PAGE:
Gieseking recorded the two Arabesques five times in all, beginning with the Homocord discs included here. The first of these two 78s (CD 1, tracks 16–17) was made acoustically in 1923, and also contained ‘Reflets dans l’eau’. As in the case of the Grieg pieces, Homocord had Gieseking re-record both Arabesques, likewise in 1927 and presumably for the same reasons (CD 1, tracks 25–26).
Hungry for work and interested in the new, at the beginning of his career Gieseking participated in events arranged by the Kestner Society of Hanover. Founded in 1916, the organization propagated modern art and, after eagerly taking the young pianist’s advice, modern music. Consequently, Gieseking found himself playing for Expressionist dance performances with Cubist stage sets. ‘First I had to select the accompanying music,’ he later recalled, ‘and this gave me a great opportunity to purchase contemporary piano compositions by Debussy, Ravel, Cyril Scott, Korngold and many others.’ New-music recitals soon followed, and for the first one, held on 12 November 1919, Gieseking programmed titles by Debussy, Niemann, Cyril Scott, Albéniz and Ravel, concluding with the latter’s Jeux d’eau. So began his lifelong relationship with the music of Ravel, for whom he would, as in the case of Debussy, earn great recognition as an interpreter. One of his very first discs, Gieseking’s recording of Jeux d’eau dates from 21 December 1923. Lamentably, more opuses by this composer would not follow until the late-30s. Incidentally, Gieseking once mentioned to Dean Elder that he had later met Ravel and heard him play. ‘When he told me this,’ remembers Elder, ‘I asked, “How was Ravel as a pianist?”’ ‘Waal [i.e. Well], you know,’ his mentor replied, ‘the New York critics said no one plays Jeux d’eau as badly as Ravel.’
Gieseking’s only commercial recordings of Francis Poulenc’s works, which he rarely performed, are of the three Mouvements perpetuels. From 1925, these readings are jovial and – as we could only expect from this pianist – wonderfully colourful, exhibiting plenty of his famous, inimitable pedalling. Although Poulenc’s music has generally never been regarded as highly as that of his most illustrious compatriots, Debussy and Ravel, a post-World War II broadcast performance (presently unissued) of Gieseking playing this same set suggests that his fondness for it never faded. He also taught it.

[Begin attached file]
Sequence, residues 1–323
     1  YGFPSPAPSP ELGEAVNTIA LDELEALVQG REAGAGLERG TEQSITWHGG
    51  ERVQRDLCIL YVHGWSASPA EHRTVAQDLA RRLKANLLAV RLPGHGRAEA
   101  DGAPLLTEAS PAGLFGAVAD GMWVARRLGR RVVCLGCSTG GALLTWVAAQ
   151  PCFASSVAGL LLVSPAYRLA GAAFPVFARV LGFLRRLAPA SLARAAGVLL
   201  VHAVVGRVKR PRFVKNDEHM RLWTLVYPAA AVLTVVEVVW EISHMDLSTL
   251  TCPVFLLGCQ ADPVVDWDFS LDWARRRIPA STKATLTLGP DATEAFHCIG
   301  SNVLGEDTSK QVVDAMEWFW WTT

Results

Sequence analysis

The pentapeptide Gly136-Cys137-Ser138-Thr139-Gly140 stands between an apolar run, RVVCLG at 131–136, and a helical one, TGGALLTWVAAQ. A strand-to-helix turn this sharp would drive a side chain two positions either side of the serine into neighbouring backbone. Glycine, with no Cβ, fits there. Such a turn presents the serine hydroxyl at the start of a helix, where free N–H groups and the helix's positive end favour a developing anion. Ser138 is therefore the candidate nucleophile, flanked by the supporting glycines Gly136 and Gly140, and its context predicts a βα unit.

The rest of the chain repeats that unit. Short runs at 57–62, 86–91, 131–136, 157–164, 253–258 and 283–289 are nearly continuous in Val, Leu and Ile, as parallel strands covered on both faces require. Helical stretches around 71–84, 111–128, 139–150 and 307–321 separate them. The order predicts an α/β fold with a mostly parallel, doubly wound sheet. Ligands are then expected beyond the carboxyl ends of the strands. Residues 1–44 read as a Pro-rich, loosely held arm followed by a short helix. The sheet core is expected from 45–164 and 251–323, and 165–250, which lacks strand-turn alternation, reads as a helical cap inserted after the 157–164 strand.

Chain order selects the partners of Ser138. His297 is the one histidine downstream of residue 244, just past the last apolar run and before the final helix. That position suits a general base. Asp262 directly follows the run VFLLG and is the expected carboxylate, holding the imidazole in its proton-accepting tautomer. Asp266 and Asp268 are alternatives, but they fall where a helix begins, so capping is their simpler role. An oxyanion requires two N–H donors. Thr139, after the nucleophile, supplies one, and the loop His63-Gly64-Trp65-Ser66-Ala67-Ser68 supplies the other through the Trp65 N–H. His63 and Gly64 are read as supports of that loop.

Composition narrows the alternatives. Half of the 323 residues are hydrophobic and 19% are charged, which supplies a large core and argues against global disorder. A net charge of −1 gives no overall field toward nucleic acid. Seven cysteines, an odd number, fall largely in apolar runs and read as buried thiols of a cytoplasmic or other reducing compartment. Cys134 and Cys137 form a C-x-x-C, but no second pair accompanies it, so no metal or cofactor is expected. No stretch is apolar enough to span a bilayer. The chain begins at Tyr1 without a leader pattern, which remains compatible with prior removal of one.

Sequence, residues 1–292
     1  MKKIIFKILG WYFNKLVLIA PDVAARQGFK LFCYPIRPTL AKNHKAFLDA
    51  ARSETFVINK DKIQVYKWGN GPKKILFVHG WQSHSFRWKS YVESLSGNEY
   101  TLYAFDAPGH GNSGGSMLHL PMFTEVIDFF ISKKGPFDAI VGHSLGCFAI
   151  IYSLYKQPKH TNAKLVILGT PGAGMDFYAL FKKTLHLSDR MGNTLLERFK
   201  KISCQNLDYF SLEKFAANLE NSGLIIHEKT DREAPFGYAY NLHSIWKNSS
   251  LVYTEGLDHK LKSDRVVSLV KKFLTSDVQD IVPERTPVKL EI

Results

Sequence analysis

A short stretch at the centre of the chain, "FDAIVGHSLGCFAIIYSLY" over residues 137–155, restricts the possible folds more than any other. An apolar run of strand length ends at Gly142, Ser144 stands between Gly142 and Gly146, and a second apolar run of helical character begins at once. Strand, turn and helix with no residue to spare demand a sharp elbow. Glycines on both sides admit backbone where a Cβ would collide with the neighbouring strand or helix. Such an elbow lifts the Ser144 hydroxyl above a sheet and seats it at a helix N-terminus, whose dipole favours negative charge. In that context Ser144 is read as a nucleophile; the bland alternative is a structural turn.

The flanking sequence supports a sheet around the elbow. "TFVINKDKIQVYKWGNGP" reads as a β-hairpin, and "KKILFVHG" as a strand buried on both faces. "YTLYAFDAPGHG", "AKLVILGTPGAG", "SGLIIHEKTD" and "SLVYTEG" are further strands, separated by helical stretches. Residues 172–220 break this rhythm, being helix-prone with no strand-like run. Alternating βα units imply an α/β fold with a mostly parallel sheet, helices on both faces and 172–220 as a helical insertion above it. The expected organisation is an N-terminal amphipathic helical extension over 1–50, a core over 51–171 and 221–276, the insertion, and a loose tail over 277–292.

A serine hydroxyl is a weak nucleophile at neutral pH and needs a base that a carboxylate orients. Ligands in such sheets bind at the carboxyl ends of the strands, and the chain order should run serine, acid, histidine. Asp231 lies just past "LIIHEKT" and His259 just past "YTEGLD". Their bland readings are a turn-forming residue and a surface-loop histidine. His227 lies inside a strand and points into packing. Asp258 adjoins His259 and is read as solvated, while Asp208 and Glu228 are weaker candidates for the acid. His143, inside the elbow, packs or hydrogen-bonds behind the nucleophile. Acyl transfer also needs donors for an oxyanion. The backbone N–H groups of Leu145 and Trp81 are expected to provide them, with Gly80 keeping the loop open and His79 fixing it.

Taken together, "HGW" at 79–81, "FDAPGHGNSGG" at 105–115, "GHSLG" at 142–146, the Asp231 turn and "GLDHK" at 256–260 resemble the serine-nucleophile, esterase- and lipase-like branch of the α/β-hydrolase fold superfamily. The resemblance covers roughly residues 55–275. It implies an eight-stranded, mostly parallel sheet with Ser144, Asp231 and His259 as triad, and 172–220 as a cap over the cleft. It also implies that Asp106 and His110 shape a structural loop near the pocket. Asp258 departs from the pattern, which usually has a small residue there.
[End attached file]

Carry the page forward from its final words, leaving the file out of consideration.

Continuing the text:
Gieseking began composing at the age of seven, and it remained a lifelong hobby. Though modest in quantity, the quality of his varied output is consistently high, revealing a fine creative mind, yet it has undeservedly remained largely unpublished. He mentioned a new ‘Sonata’, his Sonatine for flute and piano, as early as January 1936, which he premiered with one Herr Schmidt in an unidentified German city sometime before 4 July. While in Berlin in mid-March 1937, he wrote home to his wife, Annie, about another performance, his partner this time being the one featured here, Gustav Scheck (1901–84): ‘At 4p.m. was the rehearsal with the flutist at the Bechstein Hall. He plays excellently, which nonetheless does not make the Sonatine any less “charming” and trivial!’ After the recital, he reported more to Annie: ‘The Sonatine was quite a success, but a normal audience (one less partial to modern music) would have certainly applauded more … the flutist played very nicely, by the way.’ Despite his own criticism of the piece, Gieseking was clearly proud of what he had written; he and Scheck recorded the Sonatine on 29 April, and the Johannes Oertel firm of Berlin published it sometime that year. It has remained his most frequently performed and recorded work since then.
On 27 January 1939, Gieseking hurriedly took a five o’clock train back to New York after appearing under Eugene Ormandy in Philadelphia. Why the haste? He had to be at Carnegie Hall by 8:30p.m. to accompany the Greek-American flutist and cryptologist Lambros D Callimahos (1910–77) for the world premiere of his latest published composition, the Variations for flute or violin and piano on a theme by Grieg. Johannes Oertel had recently brought out this work, too, which Gieseking based on the first of Grieg’s Lyric Pieces, the ‘Arietta’, Op 12 No 1. Following a rehearsal on 21 January, Gieseking had written to Annie about his impressive colleague: ‘Call[imahos] can play the Variations on a theme by Grieg very well … his technique is truly remarkable … moreover, we ran through the Sonatine, which he also performs perfectly.’ Callimahos and pianist Paul Ulanowsky had given the Chicago, Boston, and New York premieres of the Sonatine in January 1938. Months before, the flutist had suggested to Gieseking that he write a set of variations, inspiring the latter to initiate the work by August 1937.